Title: Strongman The Rise of Five Dictators and the Fall of Democracy
Author: Kenneth C. Davis
Publisher: Henry Holt and Co., 2020
Themes: fascism, Communism, genocide, democracy, communism, Stalin, Mussolini, Mao, Hitler, Saddam Hussein, authoritarianism,
What makes a country fall to a dictator? How do authoritarian leaders—strongmen—capable of killing millions acquire their power? How are they able to defeat the ideal of democracy? And what can we do to make sure it doesn’t happen again?
By profiling five of the most notoriously ruthless dictators in history—Adolf Hitler, Benito Mussolini, Joseph Stalin, Mao Zedong, and Saddam Hussein—Kenneth C. Davis seeks to answer these questions, examining the forces in these strongmen’s personal lives and historical periods that shaped the leaders they’d become. Meticulously researched and complete with photographs, Strongman provides insight into the lives of five leaders who callously transformed the world and serves as an invaluable resource in an era when democracy itself seems in peril. (publisher)
I am going to quote the ending, as I love it.
In the beloved children’s book, “The Cat in The Hat”, after two children spend an afternoon of chaos and messiness with a mischievous cat while there mother is out, a boy wonders whether he and his sister Sally should tell her what took place. His question is the same one these terrible stories force us to ask:
“What would YOU do if your mother asked YOU?”
Why I like this book:
This book is soundly researched, clearly structured, and written in a way that students from middle school and up can gain a strong introduction to the five dictators included and make connections to the past and present threats to democracies such dictators pose. The chapters are short and make engaging reading as well as being packed with dates, photos, political explanations and especially the correlation often to wars that create the opportunity for these “Strongmen” to flourish.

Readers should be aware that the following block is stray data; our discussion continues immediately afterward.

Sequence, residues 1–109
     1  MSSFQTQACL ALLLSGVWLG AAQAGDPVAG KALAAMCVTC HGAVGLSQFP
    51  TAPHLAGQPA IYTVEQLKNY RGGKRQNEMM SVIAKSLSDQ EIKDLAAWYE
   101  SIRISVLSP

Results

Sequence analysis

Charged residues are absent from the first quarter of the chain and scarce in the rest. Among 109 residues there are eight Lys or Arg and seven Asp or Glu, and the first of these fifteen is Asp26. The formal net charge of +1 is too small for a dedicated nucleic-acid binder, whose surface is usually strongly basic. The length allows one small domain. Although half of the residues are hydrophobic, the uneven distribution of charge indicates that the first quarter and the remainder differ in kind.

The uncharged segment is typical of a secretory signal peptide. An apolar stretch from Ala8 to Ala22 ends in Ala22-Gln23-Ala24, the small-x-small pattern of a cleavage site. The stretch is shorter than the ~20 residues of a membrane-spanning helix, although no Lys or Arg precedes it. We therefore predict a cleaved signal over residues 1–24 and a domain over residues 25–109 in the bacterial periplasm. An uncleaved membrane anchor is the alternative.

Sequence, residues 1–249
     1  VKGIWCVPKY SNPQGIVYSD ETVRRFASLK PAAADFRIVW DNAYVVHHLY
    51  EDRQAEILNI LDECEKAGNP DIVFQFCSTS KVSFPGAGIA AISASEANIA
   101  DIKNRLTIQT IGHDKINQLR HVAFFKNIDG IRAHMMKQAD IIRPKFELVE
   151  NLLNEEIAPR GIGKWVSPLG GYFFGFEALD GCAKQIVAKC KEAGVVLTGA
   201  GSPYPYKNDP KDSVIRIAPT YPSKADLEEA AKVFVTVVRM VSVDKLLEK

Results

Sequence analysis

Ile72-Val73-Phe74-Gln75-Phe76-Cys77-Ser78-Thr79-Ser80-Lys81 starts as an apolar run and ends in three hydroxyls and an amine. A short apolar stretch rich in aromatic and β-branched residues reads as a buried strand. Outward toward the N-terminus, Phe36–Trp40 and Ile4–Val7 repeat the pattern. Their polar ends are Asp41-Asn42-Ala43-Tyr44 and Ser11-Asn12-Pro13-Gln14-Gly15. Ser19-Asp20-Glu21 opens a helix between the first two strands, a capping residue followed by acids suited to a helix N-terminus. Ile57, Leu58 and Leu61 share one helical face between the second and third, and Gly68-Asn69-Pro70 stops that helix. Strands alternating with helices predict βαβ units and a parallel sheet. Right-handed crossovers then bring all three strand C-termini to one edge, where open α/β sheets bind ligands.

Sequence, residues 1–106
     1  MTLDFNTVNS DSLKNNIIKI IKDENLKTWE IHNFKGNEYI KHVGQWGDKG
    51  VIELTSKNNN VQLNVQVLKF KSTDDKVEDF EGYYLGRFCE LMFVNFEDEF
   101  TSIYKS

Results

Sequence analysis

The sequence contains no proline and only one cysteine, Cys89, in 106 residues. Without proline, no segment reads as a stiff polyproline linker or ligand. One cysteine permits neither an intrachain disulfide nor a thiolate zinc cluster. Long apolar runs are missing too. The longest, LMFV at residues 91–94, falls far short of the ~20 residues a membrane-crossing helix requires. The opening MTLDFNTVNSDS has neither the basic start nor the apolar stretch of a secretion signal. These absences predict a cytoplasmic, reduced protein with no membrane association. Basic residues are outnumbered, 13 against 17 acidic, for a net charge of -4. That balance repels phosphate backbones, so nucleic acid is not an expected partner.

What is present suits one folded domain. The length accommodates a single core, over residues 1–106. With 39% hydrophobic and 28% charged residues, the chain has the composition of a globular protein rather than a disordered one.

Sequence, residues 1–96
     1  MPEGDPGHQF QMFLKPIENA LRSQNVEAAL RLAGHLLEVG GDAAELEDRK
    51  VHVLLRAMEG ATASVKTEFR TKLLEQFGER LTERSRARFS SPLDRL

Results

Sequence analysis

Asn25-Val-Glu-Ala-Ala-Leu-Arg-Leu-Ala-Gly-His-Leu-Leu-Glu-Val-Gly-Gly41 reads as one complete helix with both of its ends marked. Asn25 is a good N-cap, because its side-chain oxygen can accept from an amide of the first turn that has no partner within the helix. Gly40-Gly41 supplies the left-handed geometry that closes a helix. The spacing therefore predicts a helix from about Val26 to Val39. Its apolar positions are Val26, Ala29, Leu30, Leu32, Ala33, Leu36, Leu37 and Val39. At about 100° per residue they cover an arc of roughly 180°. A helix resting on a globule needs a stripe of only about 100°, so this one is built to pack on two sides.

The author doesn’t avoid depicting the genocidal policies pursued by these men, nor does he shy away from the alarming parallels between the dictatorships discussed and present day American politics. It is a wake up call, not to be passive when faced with such attacks on democracy. In the final chapter, “Never Again”, Davis offers a call to active resistance. Protests, writing letters to elected officials, and asking lots of questions are depicted as requirements of citizens in a healthy democracy. Ultimately it is asking the reader, “If faced with a Strongman what would I do?”
This book would be great addition to units about the dictatorships of Mussolini, Hitler, Stalin, Mao Zedong, or Saddam Hussein, or any lessons looking at the rise of democracies and republics from their roots in in ancient civilizations. Or, lessons of a more philosophical and societal nature, looking at complicity. A solid introduction to dictators, despots and democracy and a terrific addition to middle and high school libraries.
I felt that Election Day, 2020, was an appropriate date on which to post this book review.
Highly recommended, and thank you to the publisher for my review ARC.
The author draws from an extensive lineup of thinkers and writers, from Primo Levi, Thucydides, Madeleine Albright, and Dr. Seuss to George Orwell and more. The book concludes with an extensive bibliography and endnotes, providing a wealth of resources for further research